The interface resource library 68 may be designed in a wide variety of ways. An example is shown below having two parts: first, an I/O Hardware component is generated in RTL code; second, an interface describes the signals for communicating with the component.
 Interface Library (Internal Format):
 Hardware component in RTL (VHDL):
 Having illustrated and described the principles of the illustrated embodiments, it will be apparent to those skilled in the art that the embodiments can be modified in arrangement and detail without departing from such principles.
 For example, one skilled in the art will recognize that a non-array pointer can be mapped to a memory interface and an array pointer can be mapped to a non-memory interface. Additionally, a pointer to an array can be mapped to a memory interface.
 Although the user input is described as coming from a command line, GUI, or file, those skilled in the art also understand that other user input techniques may be used. For example, the source code may be annotated through the use of pragmas or other means. For example, the source file could be annotated with a pragma such as:
 int main_design(
 #pragma resource mgc_out_reg
 int *bus_out
 This pragma is similar to a comment in the source code read by the tool and allows the user to use the same simple mechanism of resource selection. The pragma has no defined meaning in the language C, so has no effect on the C compiler. Therefore it is not required to change the input to model the actual behavior of the interface component, which would be impossible (or requires extensions) in C and other high-level languages. Adding pragmas to the source file does not change the behavior of the source, but is simply another way to access functionality of the tool. Pragma statements may also be used in higher-level languages other than C.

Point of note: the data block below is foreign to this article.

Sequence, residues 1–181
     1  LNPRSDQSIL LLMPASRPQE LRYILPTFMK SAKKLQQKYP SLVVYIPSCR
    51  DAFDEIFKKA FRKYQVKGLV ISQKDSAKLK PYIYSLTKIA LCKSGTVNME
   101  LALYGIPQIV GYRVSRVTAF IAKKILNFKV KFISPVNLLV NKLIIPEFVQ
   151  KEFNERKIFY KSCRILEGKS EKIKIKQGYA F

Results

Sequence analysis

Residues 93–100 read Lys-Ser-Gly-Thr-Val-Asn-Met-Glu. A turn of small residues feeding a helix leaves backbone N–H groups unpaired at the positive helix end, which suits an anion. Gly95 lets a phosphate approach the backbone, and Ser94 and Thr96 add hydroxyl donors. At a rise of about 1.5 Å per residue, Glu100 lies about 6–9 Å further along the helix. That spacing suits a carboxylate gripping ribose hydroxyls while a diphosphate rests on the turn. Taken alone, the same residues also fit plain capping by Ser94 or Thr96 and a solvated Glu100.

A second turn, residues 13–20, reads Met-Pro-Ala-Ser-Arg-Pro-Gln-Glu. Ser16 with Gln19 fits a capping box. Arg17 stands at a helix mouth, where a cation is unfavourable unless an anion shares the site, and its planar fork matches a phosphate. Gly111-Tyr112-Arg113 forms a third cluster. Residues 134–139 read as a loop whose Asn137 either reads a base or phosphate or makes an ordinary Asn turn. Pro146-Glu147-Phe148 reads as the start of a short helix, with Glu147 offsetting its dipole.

Although the source code description is described without timing information, timing information may also be included in the source code in certain embodiments.
 In view of the many possible embodiments, it will be recognized that the illustrated embodiments include only examples and should not be taken as a limitation on the scope of the invention. Rather, the invention is defined by the following claims. I therefore claim as the invention all such embodiments that come within the scope of these claims.